Sunday, March 1, 2009

Three Dimensional Poisson's Equation

This is a follow up to the post I wrote a while back about implementing numerical methods. The goal is to demonstrate a work-flow using tools that come included in the Fedora Linux (and many other) distributions.
  1. In Maxima
    • Define governing equations
    • Substitute finite difference expressions for differential expressions in the governing equations
    • Output appropriate difference expressions to Fortran using f90()
  2. In Fortran: wrap the expression generated by Maxima in appropriate functions, subroutines and modules

  3. In Python
    • Compile modules with f2py, which comes packaged along with numpy
    • Write the high-level application code, parsing input decks, performing optimization, grid convergence studies, or visualizations that use the compiled Fortran modules


The governing equation is the three-dimensional Poisson's equation. In Cartesian coordinates The Maxima code to define this equation is straightforward:
depends(u,x); depends(u,y); depends(u,z); /* Poisson's equation: */ p : 'diff(u,x,2) + 'diff(u,y,2) + 'diff(u,z,2) = -f;
Now that we have the continuous differential equation defined we can decide on what sort of discrete approximation we are going to solve. The simple thing to do with second derivatives is to use central differences of second order accuracy, which require only information from closest neighbours in the finite difference grid. Replacing the differential expressions with difference expressions is accomplished in Maxima with the ratsubst() function.
/* substitue difference expressions for differential ones: */
p : ratsubst((u[i-1,j,k] - 2*u[i,j,k] + u[i+1,j,k])/dx**2 , 'diff(u,x,2), p);
p : ratsubst((u[i,j-1,k] - 2*u[i,j,k] + u[i,j+1,k])/dy**2 , 'diff(u,y,2), p);
p : ratsubst((u[i,j,k-1] - 2*u[i,j,k] + u[i,j,k+1])/dz**2 , 'diff(u,z,2), p);
/* substitute the correct array value of f:*/
p : ratsubst(f[i,j,k], f, p);
This assumes that the solution u and the forcing function f are stored in three dimensional arrays, if not then the indexing in the difference expressions becomes more complicated. If we want to apply a Gauss-Seidel method to solve our elliptic problem we just need to solve p for u[i,j,k], and then dump that expression to Fortran format.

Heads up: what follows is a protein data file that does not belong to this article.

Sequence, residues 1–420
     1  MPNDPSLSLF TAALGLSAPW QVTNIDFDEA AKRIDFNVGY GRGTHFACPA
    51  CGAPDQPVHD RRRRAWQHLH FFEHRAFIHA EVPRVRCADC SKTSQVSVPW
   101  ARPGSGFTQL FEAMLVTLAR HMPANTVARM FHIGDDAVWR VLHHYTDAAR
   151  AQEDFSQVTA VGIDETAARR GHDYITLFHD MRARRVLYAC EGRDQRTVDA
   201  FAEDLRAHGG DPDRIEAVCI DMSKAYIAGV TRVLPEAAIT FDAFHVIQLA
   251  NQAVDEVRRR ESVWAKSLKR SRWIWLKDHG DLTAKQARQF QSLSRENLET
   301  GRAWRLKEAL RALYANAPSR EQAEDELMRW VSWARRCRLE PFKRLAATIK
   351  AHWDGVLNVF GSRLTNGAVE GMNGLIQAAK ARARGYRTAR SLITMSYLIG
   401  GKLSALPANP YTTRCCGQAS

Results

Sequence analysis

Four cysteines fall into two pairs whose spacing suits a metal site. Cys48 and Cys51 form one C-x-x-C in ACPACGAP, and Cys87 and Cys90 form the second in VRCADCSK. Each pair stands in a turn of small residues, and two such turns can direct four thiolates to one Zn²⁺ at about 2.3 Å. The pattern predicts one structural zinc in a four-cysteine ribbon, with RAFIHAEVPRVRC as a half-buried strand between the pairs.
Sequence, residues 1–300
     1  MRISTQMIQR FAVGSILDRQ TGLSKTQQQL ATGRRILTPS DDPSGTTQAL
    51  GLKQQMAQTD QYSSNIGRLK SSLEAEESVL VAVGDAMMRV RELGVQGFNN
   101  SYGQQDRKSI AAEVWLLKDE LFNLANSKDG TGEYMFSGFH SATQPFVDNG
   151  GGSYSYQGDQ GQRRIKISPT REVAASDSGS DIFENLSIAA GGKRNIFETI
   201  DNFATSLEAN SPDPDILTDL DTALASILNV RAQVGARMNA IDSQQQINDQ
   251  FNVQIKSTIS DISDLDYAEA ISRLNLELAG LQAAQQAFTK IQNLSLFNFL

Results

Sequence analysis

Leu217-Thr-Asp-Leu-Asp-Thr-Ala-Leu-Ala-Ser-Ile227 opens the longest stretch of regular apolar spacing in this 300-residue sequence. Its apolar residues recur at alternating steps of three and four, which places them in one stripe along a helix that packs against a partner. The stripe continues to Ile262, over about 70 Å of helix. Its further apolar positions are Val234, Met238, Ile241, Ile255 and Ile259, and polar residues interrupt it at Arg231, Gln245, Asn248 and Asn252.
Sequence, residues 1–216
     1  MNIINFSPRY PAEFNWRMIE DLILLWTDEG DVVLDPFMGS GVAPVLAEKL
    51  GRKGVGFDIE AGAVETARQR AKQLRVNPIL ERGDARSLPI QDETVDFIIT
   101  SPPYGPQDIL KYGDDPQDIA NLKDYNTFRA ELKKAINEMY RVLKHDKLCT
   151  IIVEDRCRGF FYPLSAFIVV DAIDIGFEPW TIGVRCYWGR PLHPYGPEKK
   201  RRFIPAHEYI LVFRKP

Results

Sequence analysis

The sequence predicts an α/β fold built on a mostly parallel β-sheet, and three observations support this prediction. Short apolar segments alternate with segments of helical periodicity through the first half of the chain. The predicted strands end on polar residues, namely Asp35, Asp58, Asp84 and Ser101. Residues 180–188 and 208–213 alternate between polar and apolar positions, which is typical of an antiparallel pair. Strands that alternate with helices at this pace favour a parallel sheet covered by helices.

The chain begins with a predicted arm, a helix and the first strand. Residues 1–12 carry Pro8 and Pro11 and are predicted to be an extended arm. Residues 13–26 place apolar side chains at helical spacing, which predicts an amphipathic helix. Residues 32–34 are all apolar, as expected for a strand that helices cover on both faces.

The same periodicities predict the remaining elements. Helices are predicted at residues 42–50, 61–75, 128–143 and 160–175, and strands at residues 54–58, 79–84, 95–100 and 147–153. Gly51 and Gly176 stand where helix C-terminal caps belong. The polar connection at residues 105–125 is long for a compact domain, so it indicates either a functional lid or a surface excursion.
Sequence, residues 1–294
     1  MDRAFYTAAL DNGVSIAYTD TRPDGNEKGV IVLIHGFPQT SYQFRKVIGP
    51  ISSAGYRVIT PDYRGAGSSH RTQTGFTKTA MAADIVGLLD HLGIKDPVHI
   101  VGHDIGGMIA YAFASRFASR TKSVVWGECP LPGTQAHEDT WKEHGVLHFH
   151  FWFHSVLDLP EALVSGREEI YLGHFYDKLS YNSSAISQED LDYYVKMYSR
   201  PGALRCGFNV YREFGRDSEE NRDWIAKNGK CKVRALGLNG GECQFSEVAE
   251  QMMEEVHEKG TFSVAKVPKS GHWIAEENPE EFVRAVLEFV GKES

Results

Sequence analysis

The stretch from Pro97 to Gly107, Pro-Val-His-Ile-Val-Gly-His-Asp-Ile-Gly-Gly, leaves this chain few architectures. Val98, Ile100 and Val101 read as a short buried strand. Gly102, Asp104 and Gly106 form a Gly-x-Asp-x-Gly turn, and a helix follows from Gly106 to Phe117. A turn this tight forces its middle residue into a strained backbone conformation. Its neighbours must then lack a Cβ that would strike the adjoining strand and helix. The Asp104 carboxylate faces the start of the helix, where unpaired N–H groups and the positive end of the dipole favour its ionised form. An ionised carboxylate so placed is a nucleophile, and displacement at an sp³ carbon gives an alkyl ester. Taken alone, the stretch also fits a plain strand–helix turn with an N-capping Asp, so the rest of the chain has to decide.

gs : solve(p, u[i,j,k]);
del : part(gs[1],2) - u[i,j,k];
/* output for fortran: */
with_stdout("gs.f90", f90(d = expand(del)));
This gives the expression for the update to the solution at each iteration of the solver.


The Maxima expressions developed above need control flow added so they get applied properly to our solution array.
do k = 1, nz
do j = 1, ny
do i = 1, nx
d = (dy**2*dz**2*u(i+1,j,k)+dx**2*dz**2*u(i,j+1,k)+dx**2*dy**2* & u(i,j,k+1)+dx**2*dy**2*dz**2*f(i,j,k)+dx**2*dy**2* & u(i,j,k-1)+dx**2*dz**2*u(i,j-1,k)+dy**2*dz**2*u(i-1,j,k))/ & ((2*dy**2+2*dx**2)*dz**2+2*dx**2*dy**2)-u(i,j,k) u(i,j,k) = u(i,j,k) + w*d
end do
end do
end do
The expression for the update was generated from our governing equations in Maxima, one of the things to notice is the w that multiplies our update, this is so we can do successive over relaxation. Also, we'll go ahead and package several of these iterative schemes into a Fortran module
module iter_schemes
implicit none

...bunches of related subroutines and functions ...

end module iter_schemes


Now we want to be able to call our Fortran solution schemes from Python. Using F2py makes this quite simple:
[command-line]$ f2py -m iter_schemes -c iter_schemes.f90
This should result in a python module that can be imported just as any other module.
import numpy
from iter_schemes import *

... do some cool stuff with our new module in Python ...